Climate Education Guide, Activity 4: Forests of Guatemala
Students learn about the distribution of forest and humans around the world, and then analyze maps of the Maya Biosphere Reserve to determine recent changes in forest cover and to consider the causes of these changes.
- Students will graph and describe changes over time in two areas of the Maya Biosphere Reserve.
- Students will identify causes of forest change in Guatemala.
Trees and forests are natural carbon “sinks.” They absorb CO2 and convert carbon into trunks, leaves, stems and roots. But, when a forest is cut down and converted to another use, carbon is released back into the atmosphere -- either slowly through decay, or quickly through burning.
Globally, around 13 million hectares of forests were lost each year between 2000 and 2010 . This represents a total area lost in just one decade of almost 200 times the size of the Petén. In Guatemala, over 73,000 hectares of forest are lost each year. With such huge loses of forest land, deforestation contributes a significant amount to increased CO2 in the atmosphere. In the tropics alone, deforestation releases an estimated 1.5 billion metric tons (tonnes) of carbon annually.
Forests account for more than a quarter of the land area of the Earth, and they store a vast amount of carbon -- more than three-quarters of the carbon in all land plants. Avoiding deforestation can play a key role in reducing future CO2 and other greenhouse gas concentrations.
In addition to complete deforestation, forest degradation also contributes to carbon emissions. Forest degradation occurs when forest cover decreases by any amount up to 90%
In order to avoid deforestation and forest degradation, it is helpful to understand what causes these things in the first place. The causes or “drivers” of deforestation are different depending on the region. In mainland Asia, for example, commercial timber is the dominant driver of deforestation and degradation. But, in Africa, the collecting of fuel wood, increased human populations, and unclear land rights are dominant factors.
The primary drivers of deforestation and degradation in the Petén of Guatemala are (1) migration of new people into the area, (2) farming and cattle ranching, (3) drug trafficking, and (4) oil and gas exploration. It is important to keep in mind that these factors are not isolated, but are related to one another. For example, migration means more people needing to farm or ranch; and access roads for oil and gas exploration allow more agriculture, ranching, and drug farming within the forest.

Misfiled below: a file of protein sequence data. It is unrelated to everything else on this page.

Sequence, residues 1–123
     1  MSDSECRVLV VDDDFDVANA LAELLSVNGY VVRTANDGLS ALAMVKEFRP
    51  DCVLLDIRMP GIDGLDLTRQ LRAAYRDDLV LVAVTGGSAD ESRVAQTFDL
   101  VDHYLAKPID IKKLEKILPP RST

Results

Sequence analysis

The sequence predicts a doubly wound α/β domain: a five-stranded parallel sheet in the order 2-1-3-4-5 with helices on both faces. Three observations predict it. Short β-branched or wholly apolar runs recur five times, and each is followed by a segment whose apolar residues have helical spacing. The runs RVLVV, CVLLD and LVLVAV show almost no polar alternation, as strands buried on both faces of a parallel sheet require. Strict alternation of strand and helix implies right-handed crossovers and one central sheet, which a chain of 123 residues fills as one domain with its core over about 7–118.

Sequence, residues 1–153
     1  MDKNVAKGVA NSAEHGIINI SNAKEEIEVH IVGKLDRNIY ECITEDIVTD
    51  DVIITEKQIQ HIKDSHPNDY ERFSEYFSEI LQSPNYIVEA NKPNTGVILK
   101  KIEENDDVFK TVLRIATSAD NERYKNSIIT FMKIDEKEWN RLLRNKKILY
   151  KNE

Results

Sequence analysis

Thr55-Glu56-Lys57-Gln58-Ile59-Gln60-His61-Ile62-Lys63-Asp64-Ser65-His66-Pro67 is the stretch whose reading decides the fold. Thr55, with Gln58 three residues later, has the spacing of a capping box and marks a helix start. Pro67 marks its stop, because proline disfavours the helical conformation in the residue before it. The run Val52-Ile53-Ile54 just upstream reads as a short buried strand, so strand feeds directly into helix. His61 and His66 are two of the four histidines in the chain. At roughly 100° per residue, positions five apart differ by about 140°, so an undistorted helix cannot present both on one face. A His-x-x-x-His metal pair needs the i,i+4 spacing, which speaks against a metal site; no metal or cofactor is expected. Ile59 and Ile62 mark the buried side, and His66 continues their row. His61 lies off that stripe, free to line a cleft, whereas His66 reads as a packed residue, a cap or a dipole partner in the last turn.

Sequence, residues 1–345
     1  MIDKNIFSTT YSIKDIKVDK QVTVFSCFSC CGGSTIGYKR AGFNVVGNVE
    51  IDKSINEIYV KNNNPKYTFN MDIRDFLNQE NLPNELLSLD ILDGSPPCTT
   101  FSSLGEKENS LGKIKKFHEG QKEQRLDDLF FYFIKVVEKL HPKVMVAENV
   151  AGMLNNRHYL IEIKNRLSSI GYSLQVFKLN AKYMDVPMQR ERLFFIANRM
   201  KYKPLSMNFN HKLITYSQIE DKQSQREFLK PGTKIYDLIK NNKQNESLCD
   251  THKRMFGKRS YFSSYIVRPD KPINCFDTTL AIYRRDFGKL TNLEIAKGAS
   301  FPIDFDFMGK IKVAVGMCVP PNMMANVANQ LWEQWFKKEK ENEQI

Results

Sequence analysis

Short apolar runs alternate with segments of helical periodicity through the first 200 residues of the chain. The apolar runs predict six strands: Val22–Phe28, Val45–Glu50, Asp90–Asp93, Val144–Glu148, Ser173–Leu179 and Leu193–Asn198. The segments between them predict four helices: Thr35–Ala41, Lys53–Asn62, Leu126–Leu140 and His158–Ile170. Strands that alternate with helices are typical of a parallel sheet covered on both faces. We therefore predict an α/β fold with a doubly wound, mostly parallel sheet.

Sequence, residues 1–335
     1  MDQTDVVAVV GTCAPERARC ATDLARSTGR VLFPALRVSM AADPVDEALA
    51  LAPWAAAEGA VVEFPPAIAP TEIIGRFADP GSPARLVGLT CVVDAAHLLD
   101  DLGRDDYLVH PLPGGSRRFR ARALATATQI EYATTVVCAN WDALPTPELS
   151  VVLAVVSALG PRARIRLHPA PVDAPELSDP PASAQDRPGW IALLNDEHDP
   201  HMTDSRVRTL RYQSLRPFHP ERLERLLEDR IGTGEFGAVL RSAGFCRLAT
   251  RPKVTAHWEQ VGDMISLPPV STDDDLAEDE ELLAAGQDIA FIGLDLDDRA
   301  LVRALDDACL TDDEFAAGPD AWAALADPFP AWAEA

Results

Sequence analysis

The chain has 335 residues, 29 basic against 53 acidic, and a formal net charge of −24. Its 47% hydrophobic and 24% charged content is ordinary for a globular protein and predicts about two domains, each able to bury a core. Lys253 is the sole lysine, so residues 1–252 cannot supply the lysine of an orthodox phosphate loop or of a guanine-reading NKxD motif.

- Measuring tape
- Copies of student pages:
- Overhead transparencies
- Student notebooks
- Graph paper (optional)
Preparation: 30 minutes
Activity: One to two 50-minute periods
Cut rope into the following lengths, labeling each with a piece of tape that has the name of the continent written on it:
- Africa--7.5 meters (25 feet)
- Australia--2.1 meters (7 feet)
Eurasia--14.4 meters (48 feet)
- Central and South America--4.8 meters (16 feet)
- North America--6.3 meters (21 feet)
- Have copies of the “Maya Biosphere Reserve Maps,” Forest Cover for Carmelita [PDF] and Buffer Zone Forest Cover [PDF] student pages. Also have copies of the “Square Dot Matrix” [PDF] student page copied on overhead transparencies.
- Read over the “History of the Maya Biosphere Reserve” [PDF] teacher page, and be prepared to convey some of the information to your students during the activity.
Doing the Activity
- Divide the class into six groups and give each group a piece of cut rope (see Getting Ready). In an open floor area in the classroom or on the ground outside, have the groups use the ropes to lay out an outline of their continent. They may look at a globe or world map as guide. (Note that Russia should be included within Asia.) Help students orient the different continents as they appear on a world map.
Ask students which continent they think has the most forest land and which has the least. Using the chart below, have the given number of students stand within each continent’s outline to represent the distribution of forest in the different continents. (If you have fewer than 25 students in the class, you will need to adjust the numbers proportionately.)